The parental aggression of female mice (Mus domesticus Rutty) towards strange conspecifics known to vary in their tendency to commit infanticide was examined. Twenty-four hours after stud males removal, resident lactating females (with pups aged 3-5 days) were confronted with the following types of intruders: the reintroduced stud, i.e. the father of the pups, a strange father, sexually naive and recently sexually experienced (24 hr prior testing) males, virgin females. Parental attack was mainly elicited by sexually naive and recently sexually experienced males which were also most likely to kill and cannibalize pups. The stud males did not show infanticide and were never attacked. Remarkably, strange fathers were rarely attacked by lactating females and they rarely killed unrelated pups. The data seem to support the view that lactating female mice might be capable of assessing the infanticidal potential of conspecific intruders and of adopting the most appropriate behavioural strategy. Although parental attack was not very successful in thwarting infanticide, the data are discussed in terms of a possible counterstrategy to defend parental investment, and the situational cues females use to distinguish between males with or without parental experience. © Taylor & Francis Group, LLC.

Parental Aggression Displayed by Female Mice in Relation to the Sex, Reproductive Status and Infanticidal Potential of Conspecific Intruders / Parmigiani, S.; Sgoifo, A.; Mainardi, D.. - In: MONITORE ZOOLOGICO ITALIANO. - ISSN 0026-9786. - 22:2(1988), pp. 193-201. [10.1080/00269786.1988.10736553]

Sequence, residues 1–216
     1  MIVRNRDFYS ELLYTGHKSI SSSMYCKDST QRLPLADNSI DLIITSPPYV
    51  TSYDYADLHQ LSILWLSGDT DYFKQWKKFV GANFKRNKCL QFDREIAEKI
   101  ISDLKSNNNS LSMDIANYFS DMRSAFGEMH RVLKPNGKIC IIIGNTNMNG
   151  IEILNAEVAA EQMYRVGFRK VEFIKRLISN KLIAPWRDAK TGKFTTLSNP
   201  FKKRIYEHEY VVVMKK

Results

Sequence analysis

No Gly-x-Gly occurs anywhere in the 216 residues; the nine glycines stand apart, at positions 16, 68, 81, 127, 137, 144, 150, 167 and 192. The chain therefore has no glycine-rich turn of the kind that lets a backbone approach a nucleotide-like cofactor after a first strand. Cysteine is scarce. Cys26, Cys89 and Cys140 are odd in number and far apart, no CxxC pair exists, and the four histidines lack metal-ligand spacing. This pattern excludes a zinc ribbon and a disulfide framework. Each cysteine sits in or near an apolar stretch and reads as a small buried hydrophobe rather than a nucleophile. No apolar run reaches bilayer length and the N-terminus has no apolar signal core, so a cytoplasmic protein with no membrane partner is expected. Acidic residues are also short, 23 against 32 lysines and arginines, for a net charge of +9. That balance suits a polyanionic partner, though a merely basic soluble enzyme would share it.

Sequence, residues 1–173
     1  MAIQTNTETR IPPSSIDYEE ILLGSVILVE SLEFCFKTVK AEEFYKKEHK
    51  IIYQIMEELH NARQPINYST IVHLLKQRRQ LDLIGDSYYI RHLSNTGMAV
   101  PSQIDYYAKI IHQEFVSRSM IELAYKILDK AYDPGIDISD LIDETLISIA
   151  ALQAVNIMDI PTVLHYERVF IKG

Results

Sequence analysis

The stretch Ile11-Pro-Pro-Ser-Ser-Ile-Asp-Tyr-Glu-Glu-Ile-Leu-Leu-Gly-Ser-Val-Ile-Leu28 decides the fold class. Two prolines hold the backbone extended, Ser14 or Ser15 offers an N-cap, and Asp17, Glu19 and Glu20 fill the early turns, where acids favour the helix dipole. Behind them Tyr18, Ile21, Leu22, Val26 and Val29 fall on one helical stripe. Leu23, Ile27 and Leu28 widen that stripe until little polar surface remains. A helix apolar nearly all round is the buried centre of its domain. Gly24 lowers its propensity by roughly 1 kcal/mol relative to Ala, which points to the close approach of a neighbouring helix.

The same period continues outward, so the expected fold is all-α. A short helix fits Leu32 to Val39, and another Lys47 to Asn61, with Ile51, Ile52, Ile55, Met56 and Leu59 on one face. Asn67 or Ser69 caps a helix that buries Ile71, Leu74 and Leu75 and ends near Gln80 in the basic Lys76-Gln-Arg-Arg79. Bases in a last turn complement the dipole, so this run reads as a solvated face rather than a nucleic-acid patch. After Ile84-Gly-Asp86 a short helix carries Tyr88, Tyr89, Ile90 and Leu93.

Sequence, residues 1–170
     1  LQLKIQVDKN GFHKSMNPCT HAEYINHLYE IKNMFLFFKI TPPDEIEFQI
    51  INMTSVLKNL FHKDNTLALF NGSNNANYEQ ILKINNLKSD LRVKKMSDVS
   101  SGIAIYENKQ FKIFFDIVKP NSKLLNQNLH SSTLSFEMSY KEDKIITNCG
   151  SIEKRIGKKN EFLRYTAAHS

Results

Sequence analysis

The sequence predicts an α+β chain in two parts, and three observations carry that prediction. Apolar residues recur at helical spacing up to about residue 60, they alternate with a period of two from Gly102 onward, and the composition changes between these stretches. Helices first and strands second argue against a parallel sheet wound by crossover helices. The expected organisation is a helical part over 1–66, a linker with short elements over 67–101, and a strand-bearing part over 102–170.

Parental Aggression Displayed by Female Mice in Relation to the Sex, Reproductive Status and Infanticidal Potential of Conspecific Intruders

Sgoifo A.
Writing – Original Draft Preparation
;
Mainardi D.
Supervision
1988

Abstract

The parental aggression of female mice (Mus domesticus Rutty) towards strange conspecifics known to vary in their tendency to commit infanticide was examined. Twenty-four hours after stud males removal, resident lactating females (with pups aged 3-5 days) were confronted with the following types of intruders: the reintroduced stud, i.e. the father of the pups, a strange father, sexually naive and recently sexually experienced (24 hr prior testing) males, virgin females. Parental attack was mainly elicited by sexually naive and recently sexually experienced males which were also most likely to kill and cannibalize pups. The stud males did not show infanticide and were never attacked. Remarkably, strange fathers were rarely attacked by lactating females and they rarely killed unrelated pups. The data seem to support the view that lactating female mice might be capable of assessing the infanticidal potential of conspecific intruders and of adopting the most appropriate behavioural strategy. Although parental attack was not very successful in thwarting infanticide, the data are discussed in terms of a possible counterstrategy to defend parental investment, and the situational cues females use to distinguish between males with or without parental experience. © Taylor & Francis Group, LLC.
Parental Aggression Displayed by Female Mice in Relation to the Sex, Reproductive Status and Infanticidal Potential of Conspecific Intruders / Parmigiani, S.; Sgoifo, A.; Mainardi, D.. - In: MONITORE ZOOLOGICO ITALIANO. - ISSN 0026-9786. - 22:2(1988), pp. 193-201. [10.1080/00269786.1988.10736553]
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Utilizza questo identificativo per citare o creare un link a questo documento: http://hdl.handle.net/11381/2906179
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